Author + information
- Ya-Ling Yang1
Patient initials or identifier number
Relevant clinical history and physical exam
The 82-year-old man had type 2 diabetes mellitus and hypertension. He was admitted for peripheral arterial occlusive disease with the presentation of dry gangrene at right 1st toes and left 5th toe. However, non-ST-segment elevation myocardial infarction combined with acute respiratory failure was developed during the hospital course.
Relevant test results prior to catheterization
CK peak: 668 U/L
Troponin I peak: 31.47 ng/ml
Bedside heart echo: LVEF: 40% with global hypokinesia
Relevant catheterization findings
LM and triple vessel disease (LM: -ostium: 50% stenosis, LAD: -P:80% stenosis,
- M: Segmental stenosis up to 60% stenosis,
- D: Up to 90% stenosis, LCX: nondominat,
- P to -M: 50% stenosis, -OM1:up to 50% stenosis,
- OM2: 60% stenosis, -D:90% stenosis,
RCA: Dominant, -M 70% stenosis,
- D: Segmental stenosis up to 40% stenosis,
- PL: Diffuse lesion up to 90% stenosis, -PDA: luminal irregularity
A guide (XB 3.5 7F) and a floppy wire were used. LAD lesions were pre-dilated with a 3.0/15 mm Ryujin balloon catheter and subsequently stented with a 3.0/30 mm BMS (at middle LAD) and a 3.5/15 mm BMS (at proximal LAD). However, Ellis type II coronary perforation at middle LAD occurred after post-dilation. Prolonged balloon inflation with a 3.0/15 mm Ryujin balloon catheter was tried to seal the perforation. However, the bleeding was unable to stop by prolonged balloon inflation. We then removed the balloon catheter and soon delivered a 3.0/16 mm covered stent to the perforation site but failed. Unfortunately, the covered stent dislodgement occurred while we withdrew the covered stent. Immediate pericardiocentesis was performed. The whole system was then removed and an 8Fr Judkins left guiding catheter was used to engage left main coronary artery. A choice PT guidewire and a 3.0 mm balloon catheter were used for prolonged balloon inflation again and simultaneously a 0.014 whisper wire was managed to get through the dislodged covered stent successfully. A Goose Neck snare was used for covered stent retrieval but it failed. We then used small balloon technique with a 1.25/10 mm Ryujin balloon catheter advanced through the dislodged covered stent. After inflating the balloon distal to the stent, we withdrew the balloon together with the covered stent. Fortunately, followed angiography showed coronary perforation was sealed after prolonged balloon inflation.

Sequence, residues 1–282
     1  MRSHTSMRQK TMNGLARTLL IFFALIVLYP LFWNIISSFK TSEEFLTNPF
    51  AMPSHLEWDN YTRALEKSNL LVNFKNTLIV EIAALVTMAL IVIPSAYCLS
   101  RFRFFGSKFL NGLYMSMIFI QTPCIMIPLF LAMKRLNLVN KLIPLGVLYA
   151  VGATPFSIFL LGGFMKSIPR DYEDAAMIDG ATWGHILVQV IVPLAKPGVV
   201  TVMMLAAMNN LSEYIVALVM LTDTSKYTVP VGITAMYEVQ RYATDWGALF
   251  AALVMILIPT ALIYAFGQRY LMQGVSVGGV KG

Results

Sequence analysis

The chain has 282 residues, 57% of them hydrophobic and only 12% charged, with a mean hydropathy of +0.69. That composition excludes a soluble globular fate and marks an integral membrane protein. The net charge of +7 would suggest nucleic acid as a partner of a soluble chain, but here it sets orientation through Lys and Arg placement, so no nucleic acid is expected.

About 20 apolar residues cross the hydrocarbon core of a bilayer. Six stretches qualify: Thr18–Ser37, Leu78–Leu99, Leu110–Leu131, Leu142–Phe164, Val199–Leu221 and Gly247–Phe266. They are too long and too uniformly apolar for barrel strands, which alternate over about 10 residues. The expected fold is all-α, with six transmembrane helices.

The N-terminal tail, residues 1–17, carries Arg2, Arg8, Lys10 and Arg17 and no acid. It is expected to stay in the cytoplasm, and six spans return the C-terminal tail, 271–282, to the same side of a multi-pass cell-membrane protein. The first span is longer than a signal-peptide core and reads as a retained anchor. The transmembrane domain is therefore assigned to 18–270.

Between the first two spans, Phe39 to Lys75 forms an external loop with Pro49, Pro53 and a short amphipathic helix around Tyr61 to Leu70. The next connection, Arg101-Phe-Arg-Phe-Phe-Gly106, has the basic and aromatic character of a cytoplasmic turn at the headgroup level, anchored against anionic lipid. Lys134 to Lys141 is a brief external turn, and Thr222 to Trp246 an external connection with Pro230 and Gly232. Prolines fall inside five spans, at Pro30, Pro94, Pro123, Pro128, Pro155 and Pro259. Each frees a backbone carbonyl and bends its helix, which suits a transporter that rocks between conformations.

Prolonged balloon inflation with pericardiocentesis is the mainstay of therapy for coronary perforation. Covered stents also can effectively seal coronary perforation. However, covered stent dislodgement can occur because they are bulky with limited flexibility and thus may not be easy to deliver in difficult anatomy. Fortunately, the large profile design of the covered stent also makes it possible to get through an undeployed covered stent by a coronary wire. In our case, an 8 French large guiding catheter allowed us simultaneously to manage the coronary perforation by prolonged balloon inflation and covered stent dislodgement by either snare technique successfully.